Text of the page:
If it ain’t broke don’t fix it, right? The 2020’s version of this idiom is, “Don’t create solutions for problems that don’t exist”. Sound familiar? Like that new memo that seems to come through every other week, the SOP for the SOP, the meeting that should have been an email, or the grandiose policy shift that everyone knows is just going to create more work.
“There is a fine line between creating more paperwork for the sake of paperwork, and actually optimizing operational processes.”
There was nothing broken with walking, then we jumped on a horse and could travel faster, longer, and carry more. There was nothing broken with one horsepower, then we built trains, automobiles, and airplanes to create the same quantum shift in productivity. Do more faster, and better. The old way worked just fine, but why not optimize. It is what we are collectively driven to do, albeit sometimes slowly.
Newton’s first law of motion says, “an object at rest tends to stay at rest, and an object in motion tends to stay in motion unless acted upon by an equal or opposite force”. The same thing applies to opinions. Also, how do some people that start diametrically opposed to a new technology end up as one of its greatest proponents in the long run. Like your Grandma that hated cell phones until she learned how to text and now will not stop blowing up your DM’s with emojis. (We chirp, but all love it deep down.)
“In the business world where ROI is king, it’s not about what it costs upfront, but what costs it will prevent in the long run.”
While we are obviously biased towards the benefits of technology, Industry 4.0, and the so called IoT (Internet of Things), this methodology is paralleled across industries, and operational procedures under some modus operandi of continuous improvement.
We have all seen this firsthand. Remember those relics of the late 20th century called shopping malls, or more specifically the department stores on either end of them? With the rise of online shopping, did they really think shoppers would be continuously satisfied with browsing the beige Matrix over comfortably scrolling on the couch in their underpants eagerly awaiting near instant delivery? This is a prime example of the old marketing phrase, “If you want people to buy something, it needs to be more convenient than what they already have.”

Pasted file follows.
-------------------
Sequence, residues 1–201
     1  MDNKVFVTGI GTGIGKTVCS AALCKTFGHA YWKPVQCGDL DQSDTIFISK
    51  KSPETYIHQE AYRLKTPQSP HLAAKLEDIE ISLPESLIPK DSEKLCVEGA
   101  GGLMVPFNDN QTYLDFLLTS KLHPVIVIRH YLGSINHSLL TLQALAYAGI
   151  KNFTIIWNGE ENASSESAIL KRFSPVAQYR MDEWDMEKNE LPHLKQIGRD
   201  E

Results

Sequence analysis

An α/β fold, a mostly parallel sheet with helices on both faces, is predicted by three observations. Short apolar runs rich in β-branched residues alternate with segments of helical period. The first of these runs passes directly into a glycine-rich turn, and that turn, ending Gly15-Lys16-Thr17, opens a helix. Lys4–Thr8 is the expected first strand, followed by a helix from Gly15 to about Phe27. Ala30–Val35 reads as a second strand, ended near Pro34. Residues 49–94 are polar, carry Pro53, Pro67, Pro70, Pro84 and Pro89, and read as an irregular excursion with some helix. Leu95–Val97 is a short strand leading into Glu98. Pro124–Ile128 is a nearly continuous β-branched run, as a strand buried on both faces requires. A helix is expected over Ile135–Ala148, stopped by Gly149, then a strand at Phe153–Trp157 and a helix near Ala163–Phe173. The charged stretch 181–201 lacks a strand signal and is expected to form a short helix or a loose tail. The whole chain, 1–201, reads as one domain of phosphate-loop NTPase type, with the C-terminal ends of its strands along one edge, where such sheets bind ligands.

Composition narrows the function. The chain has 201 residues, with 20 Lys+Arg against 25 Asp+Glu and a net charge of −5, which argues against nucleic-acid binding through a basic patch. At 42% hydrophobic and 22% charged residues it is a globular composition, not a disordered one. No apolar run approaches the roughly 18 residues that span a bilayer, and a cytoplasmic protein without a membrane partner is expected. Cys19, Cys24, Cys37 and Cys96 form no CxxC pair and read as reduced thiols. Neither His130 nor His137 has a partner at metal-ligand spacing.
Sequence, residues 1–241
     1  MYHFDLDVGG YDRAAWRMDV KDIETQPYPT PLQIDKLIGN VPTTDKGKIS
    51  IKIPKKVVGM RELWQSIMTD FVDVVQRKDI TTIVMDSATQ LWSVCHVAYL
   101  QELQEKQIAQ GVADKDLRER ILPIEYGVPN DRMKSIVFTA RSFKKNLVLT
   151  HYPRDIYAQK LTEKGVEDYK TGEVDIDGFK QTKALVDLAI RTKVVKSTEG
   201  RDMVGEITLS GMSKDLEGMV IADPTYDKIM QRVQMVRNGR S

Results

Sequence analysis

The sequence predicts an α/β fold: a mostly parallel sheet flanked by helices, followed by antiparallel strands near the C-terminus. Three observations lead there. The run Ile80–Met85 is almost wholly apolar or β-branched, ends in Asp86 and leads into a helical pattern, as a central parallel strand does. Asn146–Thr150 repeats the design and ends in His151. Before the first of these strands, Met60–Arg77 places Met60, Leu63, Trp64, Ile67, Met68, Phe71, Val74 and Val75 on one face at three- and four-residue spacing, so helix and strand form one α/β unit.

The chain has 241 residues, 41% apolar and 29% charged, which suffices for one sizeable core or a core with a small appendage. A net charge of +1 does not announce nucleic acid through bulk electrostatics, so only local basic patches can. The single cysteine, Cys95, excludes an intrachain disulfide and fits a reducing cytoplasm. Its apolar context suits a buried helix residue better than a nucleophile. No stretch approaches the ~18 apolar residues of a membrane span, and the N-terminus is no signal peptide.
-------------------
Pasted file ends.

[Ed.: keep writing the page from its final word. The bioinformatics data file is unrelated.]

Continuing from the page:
If managing your company’s tech is becoming inconvenient (and expensive) you are going to need some outside help with your IT infrastructure. Our mission is to provide a single point of contact for you, and handle everything front to back. We can scale to any size organization, and any technology needs from legacy systems, to cutting edge cloud services.
About BKY Tech.
Becker Keating and Young Technologies est.1999 is an end-to-end managed IT services company, software developer, and application program developer. Servicing the greater Edmonton area, BKY’s team are experts in the field of SMB networking infrastructure, security, backup, recovery, remote monitoring, support, and digital transformation across local company domains, and cloud services.
BKY also employs a team of skilled full-stack software developers specializing in bespoke and custom software, and application program development used by industry trades, health care, and enterprise level organizations.
BKY will combine all your IT services and infrastructure management into a single pane of glass, and one invoice from one contact so you can focus on business growth.